Papadimitriou is the C. Lester Hogan Professor of Electrical Engineering and Computer Science at Cal-Berkeley, where he has taught since 1996. A member of the National Academy of Sciences, the American Academy of Arts and Sciences, and the National Academy of Engineering, his honors also include the Goedel Prize, the Knuth Prize, and several honorary doctorates. In addition to his scholarly articles and books, he has published the novels Turing (2003) and Independence (2012), as well as the graphic novel Logicomix (2010).Papadimitriou earlier taught at Harvard, MIT, Athens Polytechnic, Stanford, and the University of California-San Diego. He graduated from Athens Polytechnic and received his PhD. from Princeton.
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Vassar is located at 124 Raymond Avenue in Poughkeepsie, NY, and directions to the campus can be found athttp:www.vassar.edu/directions. Vassar College is a highly selective, coeducational, independent, residential, liberal arts college founded in 1861.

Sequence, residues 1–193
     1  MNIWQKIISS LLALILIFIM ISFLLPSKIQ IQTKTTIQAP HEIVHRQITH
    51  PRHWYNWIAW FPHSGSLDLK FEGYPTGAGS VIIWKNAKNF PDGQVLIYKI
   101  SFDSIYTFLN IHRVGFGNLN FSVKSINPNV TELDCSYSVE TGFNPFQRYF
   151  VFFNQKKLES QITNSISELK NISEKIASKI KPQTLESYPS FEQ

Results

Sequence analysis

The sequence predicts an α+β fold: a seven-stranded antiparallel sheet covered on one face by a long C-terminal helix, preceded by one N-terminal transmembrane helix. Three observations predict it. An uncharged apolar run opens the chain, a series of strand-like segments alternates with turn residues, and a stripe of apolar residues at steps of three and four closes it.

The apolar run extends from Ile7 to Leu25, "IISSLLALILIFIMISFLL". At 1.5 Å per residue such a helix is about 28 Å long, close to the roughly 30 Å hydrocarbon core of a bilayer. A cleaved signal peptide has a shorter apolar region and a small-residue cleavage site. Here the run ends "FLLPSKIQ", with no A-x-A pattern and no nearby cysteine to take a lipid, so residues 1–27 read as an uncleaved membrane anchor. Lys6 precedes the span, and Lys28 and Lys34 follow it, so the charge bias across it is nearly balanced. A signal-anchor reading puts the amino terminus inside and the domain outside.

Tuesday, September 17, 2013
Rockefeller Hall 300
One of the most useful programming languages is TEX, constructed by Donald Knuth, and developed by Leslie Lamport into LATEX, the standard for mathematical typesetting over the last 25 years. If you want to be able to typeset your mathematical work, or even to typeset any of your assignments, LATEX can be very valuable.
I will give a lecture/demonstration of elementary aspects of the LATEX programming language. If you have installed a version of TEX on your laptop, bring it along. On the MAC, install TEXshop. On machines running Microsoft operating systems, install MikTEX. Both of these versions of TEX are freely available on the Web.
May 14th, 2012
1:30pm - 4:00pm
Each student will have 30 minutes to present including time for questions.
1:30 - 2:00 Alexa Dorsey
2:00 - 2:30 Dimitri Wijesinghe - Checkpointing MCMCTree